Rep Dave Obey and St. Sen Bob Jauch present print to Interior Secretary Ken Salazar

Rep. Dave Obey and State Sen. Bob Jauch present print #1 to Interior Secretary Ken Salazar

Media attention from that event helped drive sales of 100 prints at $500 a piece, to benefit Friends and the park. Weller says, “in some ways it was a deep honor and an incredible experience. It was wonderful.”

The success of that first image led to a series of fine art fundraising prints by Weller and an evolving team of photographers, with help and encouragement from the National Park Service and from Friends. That series, produced over a decade, includes the Milky Way over the lighthouses in the park where the Milky Way lines up, including the old Michigan Island light, the first beacon to pierce the night sky. The works generated thousands of dollars for Friends as well as awareness of the beauty of the park at night. 

The Devils Island Lighthouse and Milky Way-Apostle Islands Print of the Year 2012

Lights of Devils Island

Sand Island Lighthouse with Milky Way-Apostle Islands Print of the Year 2010

Lights of Sand Island

Raspberry Island Lighthouse with Milky Way-Apostle Islands Print of the Year 2011

Lights of Raspberry Island

Michigan Island Lighthouse and Milky Way

Lights of Michigan Island

Now, 15 years after Weller and his team made that first, iconic image, he reflects on the first time he experienced the star-filled skies above Outer Island. “I had never seen skies like that. It was not lost on me that we were looking at sky that people a hundred years ago… a thousand years ago… would see.” Weller thinks back to the mariners who navigated Lake Superior by the stars before the first lighthouses helped to guide them through stormy seas. “That line from the hymn Amazing Grace echos in my mind immediately. ‘I once was lost but now I am found.'”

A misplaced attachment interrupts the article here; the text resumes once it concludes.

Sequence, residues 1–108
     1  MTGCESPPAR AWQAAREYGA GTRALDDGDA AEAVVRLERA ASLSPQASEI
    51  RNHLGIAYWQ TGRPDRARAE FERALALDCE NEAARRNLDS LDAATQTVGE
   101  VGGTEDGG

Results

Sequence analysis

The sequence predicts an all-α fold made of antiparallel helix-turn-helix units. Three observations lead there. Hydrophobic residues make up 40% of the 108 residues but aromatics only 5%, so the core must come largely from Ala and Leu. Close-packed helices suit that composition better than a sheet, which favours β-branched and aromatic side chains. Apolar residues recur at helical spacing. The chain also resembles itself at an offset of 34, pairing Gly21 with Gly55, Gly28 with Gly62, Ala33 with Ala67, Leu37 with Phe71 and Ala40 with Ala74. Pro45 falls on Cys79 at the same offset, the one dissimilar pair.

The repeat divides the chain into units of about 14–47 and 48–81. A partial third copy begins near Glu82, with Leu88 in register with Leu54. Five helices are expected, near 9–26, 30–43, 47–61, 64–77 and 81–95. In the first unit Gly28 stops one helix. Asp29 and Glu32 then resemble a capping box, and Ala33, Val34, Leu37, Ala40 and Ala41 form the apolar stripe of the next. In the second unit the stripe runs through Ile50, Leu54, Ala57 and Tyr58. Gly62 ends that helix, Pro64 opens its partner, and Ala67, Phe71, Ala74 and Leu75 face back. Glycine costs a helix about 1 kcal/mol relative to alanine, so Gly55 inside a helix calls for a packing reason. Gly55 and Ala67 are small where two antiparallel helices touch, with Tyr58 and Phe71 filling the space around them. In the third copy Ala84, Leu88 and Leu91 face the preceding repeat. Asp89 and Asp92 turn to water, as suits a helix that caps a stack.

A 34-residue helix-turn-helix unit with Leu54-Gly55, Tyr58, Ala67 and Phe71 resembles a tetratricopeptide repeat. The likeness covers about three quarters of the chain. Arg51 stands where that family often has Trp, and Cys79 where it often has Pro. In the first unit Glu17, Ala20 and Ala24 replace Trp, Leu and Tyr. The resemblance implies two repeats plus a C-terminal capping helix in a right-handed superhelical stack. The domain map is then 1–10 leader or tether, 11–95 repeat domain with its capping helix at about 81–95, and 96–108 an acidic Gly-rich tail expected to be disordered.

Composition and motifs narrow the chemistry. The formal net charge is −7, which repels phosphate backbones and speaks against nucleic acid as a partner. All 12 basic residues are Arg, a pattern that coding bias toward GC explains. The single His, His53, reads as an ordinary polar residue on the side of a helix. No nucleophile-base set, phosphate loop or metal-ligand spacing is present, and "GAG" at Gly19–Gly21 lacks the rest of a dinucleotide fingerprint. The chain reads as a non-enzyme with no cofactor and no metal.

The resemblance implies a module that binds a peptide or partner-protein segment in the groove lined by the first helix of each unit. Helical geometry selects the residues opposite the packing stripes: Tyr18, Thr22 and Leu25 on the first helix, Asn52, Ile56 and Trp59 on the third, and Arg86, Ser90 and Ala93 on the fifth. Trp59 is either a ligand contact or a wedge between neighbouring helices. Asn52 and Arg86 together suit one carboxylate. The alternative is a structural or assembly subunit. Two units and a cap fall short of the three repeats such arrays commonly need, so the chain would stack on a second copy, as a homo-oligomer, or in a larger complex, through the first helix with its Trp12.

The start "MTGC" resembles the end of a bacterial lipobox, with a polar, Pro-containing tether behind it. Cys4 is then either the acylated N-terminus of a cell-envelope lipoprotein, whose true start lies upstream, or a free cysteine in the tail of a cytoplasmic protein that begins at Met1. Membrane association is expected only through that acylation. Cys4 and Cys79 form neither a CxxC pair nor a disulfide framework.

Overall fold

Eighty percent of people who live in North American cannot see the Milky Way because of light pollution where they live. Of the Apostle Islands National Lakeshore, Weller says, “Here is a location where you can not only see it. You can celebrate it.”

The skies over the Apostle Islands are still among the darkest in Wisconsin. The park is a great place to enjoy and photograph the stars. For many visitors, simply experiencing the starry skies while camping is its own reward. If you want to photograph them, current digital cameras and even cell phones are capable of capturing beautiful images. Star tracking systems that used to fill a car can now fit in a small case or backpack.

And yet, for all of the beauty, there is a threat on the horizon. Light pollution from mainland communities is clearly visible even from the most-remote islands.

Apostle Islands light pollution map
A star-filled sky over the Outer Island dock - Jon Okerstrom photo

Outer Island dock looking south to the mainland – light from shoreline communities is clearly visible on the horizon

That’s why Friends of the Apostle Islands National Lakeshore is launching the Starry Skies Initiative, an effort to help the park and neighboring communities to do their parts to protect the beautiful night sky, and to explore helping the national lakeshore obtain dark sky park status. Weller says protecting the night sky doesn’t need to be particularly expensive. “It’s more about attitude and education and making better choices about outdoor lighting.”

International Dark Sky Week runs April 2nd to April 8th, 2024, celebrating the beauty and importance of the natural night sky. This year, North America will experience a total solar eclipse on April 8th, offering extra moments of darkness to enjoy. You can learn more about our Starry Skies Initiative and how you can get involved on our website.

Apostle Islands Starry Skies Initiative logo featuring silhouette of Honeymoon Rock and a starlit dark sky

Night sky photographs accompanying this story by Mark Weller, Joe Garza and Jon Okerstrom.
Story by Jon Okerstrom